Universal Pictures’ long-gestating dream of a shared universe featuring updated versions of its iconic monsters may have seemed like a good, even logical, idea; after all, the original Universal Monsters films boasted recurring actors and characters. But when the Dark Universe finally launched in June with The Mummy, starring blockbuster machine Tom Cruise, those plans quickly imploded … spectacularly.
The finger-pointing was immediate, with much of the blame for The Mummy’s failure laid at the feet of Cruise, whose contract granted him broad creative control. But no matter who was at fault, the results were the same, with The Mummy delivering a projected $95 million loss for Universal, and seemingly unraveling the Dark Universe. By November, its chief architects, Alex Kurtzman and Chris Morgan, had left Universal, and the studio is now reportedly considering approaching producers and directors with monster films that would effectively stand alone, and share no continuity. Meanwhile, director Bill Condon’s planned remake of Bride of Frankenstein, originally set for release in 2019, has been postponed but is said to remain in development.
Never really a shared cinematic universe in the true sense, Fox’s X-Men franchise has always been a relatively straightforward film series, with prequels, a handful of Wolverine spinoffs, and the semi-related Deadpool, which doesn’t exist in the same continuity. The latter can also be said for the property’s expansion into live-action television in 2017 with Legion and The Gifted, which share some characters but not necessarily the same timeline.
That growth will continue in 2018 with X-Men: Dark Phoenix, Deadpool 2, and The New Mutants, which trades superhero adventure for horror tropes and Charles Xavier’s school for a secret facility (how connected it might be to the rest of the franchise remains to be seen). The long-promised Gambit and X-Force movies are also in the pipeline, bringing with them the potential for an actual “universe.” However — and it’s a sizable however — the recently announced purchase by Disney of 21st Century Fox’s key assets raises countless questions, including how the X-Men film rights will be integrated into Marvel Studios’ larger plans. This time next year, or however long it takes for federal regulators to approve the deal, will spinoffs like Gambit or X-Force still be in the cards?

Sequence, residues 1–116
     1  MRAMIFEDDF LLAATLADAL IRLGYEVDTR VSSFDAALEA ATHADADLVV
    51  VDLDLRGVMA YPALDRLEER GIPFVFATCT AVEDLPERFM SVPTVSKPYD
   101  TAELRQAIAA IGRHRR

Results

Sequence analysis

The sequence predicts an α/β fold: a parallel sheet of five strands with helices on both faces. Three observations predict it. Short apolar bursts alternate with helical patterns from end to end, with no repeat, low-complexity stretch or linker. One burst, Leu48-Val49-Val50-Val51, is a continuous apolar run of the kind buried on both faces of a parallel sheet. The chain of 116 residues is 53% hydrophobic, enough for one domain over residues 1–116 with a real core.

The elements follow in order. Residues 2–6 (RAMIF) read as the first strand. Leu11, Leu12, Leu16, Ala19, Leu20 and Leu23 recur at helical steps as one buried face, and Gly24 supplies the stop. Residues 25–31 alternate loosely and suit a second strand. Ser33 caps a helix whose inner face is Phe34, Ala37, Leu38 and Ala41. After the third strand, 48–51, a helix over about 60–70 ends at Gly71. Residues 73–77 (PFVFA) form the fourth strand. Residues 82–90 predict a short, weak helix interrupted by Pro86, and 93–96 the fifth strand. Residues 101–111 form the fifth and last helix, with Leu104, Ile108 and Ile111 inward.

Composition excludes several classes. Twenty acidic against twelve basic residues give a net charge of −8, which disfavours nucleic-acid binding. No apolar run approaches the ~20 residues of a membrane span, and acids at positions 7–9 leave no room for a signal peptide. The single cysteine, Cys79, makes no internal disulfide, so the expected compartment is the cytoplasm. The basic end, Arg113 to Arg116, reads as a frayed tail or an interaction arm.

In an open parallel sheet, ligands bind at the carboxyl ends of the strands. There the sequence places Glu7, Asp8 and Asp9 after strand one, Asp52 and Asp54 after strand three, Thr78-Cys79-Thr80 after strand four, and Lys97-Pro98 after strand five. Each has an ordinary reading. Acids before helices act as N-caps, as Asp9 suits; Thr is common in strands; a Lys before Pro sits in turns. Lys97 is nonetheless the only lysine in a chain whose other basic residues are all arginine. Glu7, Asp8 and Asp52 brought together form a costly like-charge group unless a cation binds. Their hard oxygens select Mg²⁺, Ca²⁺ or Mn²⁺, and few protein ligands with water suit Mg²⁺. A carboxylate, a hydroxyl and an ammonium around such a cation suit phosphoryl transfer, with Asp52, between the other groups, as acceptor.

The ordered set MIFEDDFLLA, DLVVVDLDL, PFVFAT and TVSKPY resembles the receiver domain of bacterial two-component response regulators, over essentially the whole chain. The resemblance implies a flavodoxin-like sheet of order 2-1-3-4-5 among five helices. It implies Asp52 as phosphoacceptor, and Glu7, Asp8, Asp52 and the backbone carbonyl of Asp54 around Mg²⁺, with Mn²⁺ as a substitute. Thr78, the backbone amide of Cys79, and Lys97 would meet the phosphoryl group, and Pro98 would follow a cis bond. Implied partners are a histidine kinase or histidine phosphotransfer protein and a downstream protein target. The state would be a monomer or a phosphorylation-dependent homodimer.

Nothing illustrates the fragility of the concept better than Sony Pictures’ ambitions for a Spider-Man “universe,” which now theoretically exists without the wall-crawler himself. There’s an inescapable irony in the very co-production agreement that enabled Tom Holland’s Peter Parker to be introduced into the Marvel Cinematic Universe and the Spider-Man series to be successfully rebooted (again) hinders Sony’s own plans for the ancillary characters.